Louis- Henri de Bourbon- Conde inherited the Chantilly Estate in 1710. Among the 'improvements' he made to the Estate were the Great Stables, built between 1719 and 1735 from the architect Jean Aubert. The Great Stables were his masterpiece. Monumental in scale, the facade is 186 meters long.
In the centre of the facade is the pavillion crowned with a 28 meter high dome surmounted with a statue of Fame, melted down during the Revolution, and replaced in 1989.
Inside the domed pavillion is a fountain decorated with shells and simulated stalactites. The basin was once adorned with lead figures of horses and dolphins but these were lost in the Revolution. Four lead stags still adorn the pavillion.
The Great Stables housed 240 horses the majority of which which were used by the prince and his guests for hunting.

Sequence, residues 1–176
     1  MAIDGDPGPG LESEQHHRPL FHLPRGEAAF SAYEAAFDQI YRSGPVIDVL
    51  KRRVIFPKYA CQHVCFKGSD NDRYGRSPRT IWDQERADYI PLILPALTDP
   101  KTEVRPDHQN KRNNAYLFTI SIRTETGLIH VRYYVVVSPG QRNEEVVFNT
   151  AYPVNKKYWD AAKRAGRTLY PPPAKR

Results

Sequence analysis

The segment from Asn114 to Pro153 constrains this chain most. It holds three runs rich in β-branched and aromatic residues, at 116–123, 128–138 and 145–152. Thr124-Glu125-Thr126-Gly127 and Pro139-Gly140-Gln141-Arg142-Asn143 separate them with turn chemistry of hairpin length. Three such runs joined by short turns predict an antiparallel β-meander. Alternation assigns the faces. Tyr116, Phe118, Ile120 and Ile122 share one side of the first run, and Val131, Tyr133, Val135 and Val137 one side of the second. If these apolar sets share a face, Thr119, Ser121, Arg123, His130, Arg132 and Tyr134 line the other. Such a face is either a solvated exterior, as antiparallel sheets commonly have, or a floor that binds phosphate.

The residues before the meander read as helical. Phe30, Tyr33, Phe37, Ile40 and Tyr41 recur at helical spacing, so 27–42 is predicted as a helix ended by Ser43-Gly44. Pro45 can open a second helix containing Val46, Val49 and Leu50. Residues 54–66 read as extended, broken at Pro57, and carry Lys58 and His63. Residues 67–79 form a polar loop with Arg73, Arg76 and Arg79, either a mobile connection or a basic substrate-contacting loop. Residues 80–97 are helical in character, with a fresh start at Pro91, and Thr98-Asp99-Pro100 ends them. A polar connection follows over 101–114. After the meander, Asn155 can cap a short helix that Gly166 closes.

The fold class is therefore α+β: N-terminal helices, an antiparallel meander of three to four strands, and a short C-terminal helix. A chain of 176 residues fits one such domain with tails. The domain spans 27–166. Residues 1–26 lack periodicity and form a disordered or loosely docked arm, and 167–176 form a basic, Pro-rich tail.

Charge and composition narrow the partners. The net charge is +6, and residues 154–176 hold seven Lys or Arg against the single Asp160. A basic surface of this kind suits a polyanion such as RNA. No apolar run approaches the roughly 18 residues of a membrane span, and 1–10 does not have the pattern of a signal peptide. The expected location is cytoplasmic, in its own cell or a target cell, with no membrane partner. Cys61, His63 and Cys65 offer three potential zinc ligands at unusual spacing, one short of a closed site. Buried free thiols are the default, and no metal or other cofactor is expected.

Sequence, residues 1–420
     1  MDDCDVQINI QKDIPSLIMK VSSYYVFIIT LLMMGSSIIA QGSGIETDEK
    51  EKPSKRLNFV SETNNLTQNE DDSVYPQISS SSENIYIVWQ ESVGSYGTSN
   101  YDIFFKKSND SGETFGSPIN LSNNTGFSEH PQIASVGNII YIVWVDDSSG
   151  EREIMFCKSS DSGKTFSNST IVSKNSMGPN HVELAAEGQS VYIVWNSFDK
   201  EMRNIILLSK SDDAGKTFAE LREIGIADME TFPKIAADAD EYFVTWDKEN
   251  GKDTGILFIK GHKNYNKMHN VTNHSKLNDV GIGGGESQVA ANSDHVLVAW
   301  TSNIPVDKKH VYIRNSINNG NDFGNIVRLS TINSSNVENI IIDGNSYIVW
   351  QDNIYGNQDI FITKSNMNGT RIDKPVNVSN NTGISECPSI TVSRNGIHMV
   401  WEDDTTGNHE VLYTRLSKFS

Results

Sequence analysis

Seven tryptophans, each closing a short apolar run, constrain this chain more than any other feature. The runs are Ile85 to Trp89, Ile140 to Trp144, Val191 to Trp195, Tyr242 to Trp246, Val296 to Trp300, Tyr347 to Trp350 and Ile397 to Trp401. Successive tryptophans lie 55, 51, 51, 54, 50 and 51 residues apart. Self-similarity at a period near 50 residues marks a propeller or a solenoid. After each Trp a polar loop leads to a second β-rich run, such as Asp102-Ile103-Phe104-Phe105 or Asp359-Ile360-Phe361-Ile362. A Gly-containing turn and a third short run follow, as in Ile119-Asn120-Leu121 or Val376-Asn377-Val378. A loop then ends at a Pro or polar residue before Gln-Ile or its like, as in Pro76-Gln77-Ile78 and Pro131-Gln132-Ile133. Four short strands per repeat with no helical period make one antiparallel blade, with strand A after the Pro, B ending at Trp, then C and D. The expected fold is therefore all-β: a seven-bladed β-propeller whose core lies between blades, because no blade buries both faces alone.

This magnificent building has been described as the most beautiful stables in the world. It was the site of festivities held in honour of Chantilly's many illustrious visitors including Louis XV; Gustav III, King of Sweden and Grand Duke Paul, the future Tsar Paul I of Russia.
Behind the stables were three courtyards . Around one of them were the coach houses where the Prince's Berlins (coaches) and caleches (open carriages) were housed. Another courtyard was a riding school, 40 meters in diameter used for the training and display of Haute Ecole horsemanship that was surrounded by monumental arcades supported by Ionic columns.
The third courtyard were surrounded by the kennels. The Prince kept seventy five couple of hounds for his favourite pastime; hunting.
In 1814, the Prince of Conde returned to Chantilly and resumed hunting, continuing the equestrian tradition of Chantilly.
Today the Grand Stables are the magnificent backdrop to Chantilly Racecourse (Hippodrome de Chantilly). The first race was run here on the right-handed track on 15 May 1834. In 1886 the Duke of Aumale donated the racecourse and stables, with the rest of the Chantilly Estate to the Institut de France. Chantilly hosts two of the French Classics, in the first week of June the Prix de Jockey Club, the French 'Derby' for three year old colts and the Prix de Diane, the French 'Oaks' for three year old fillies.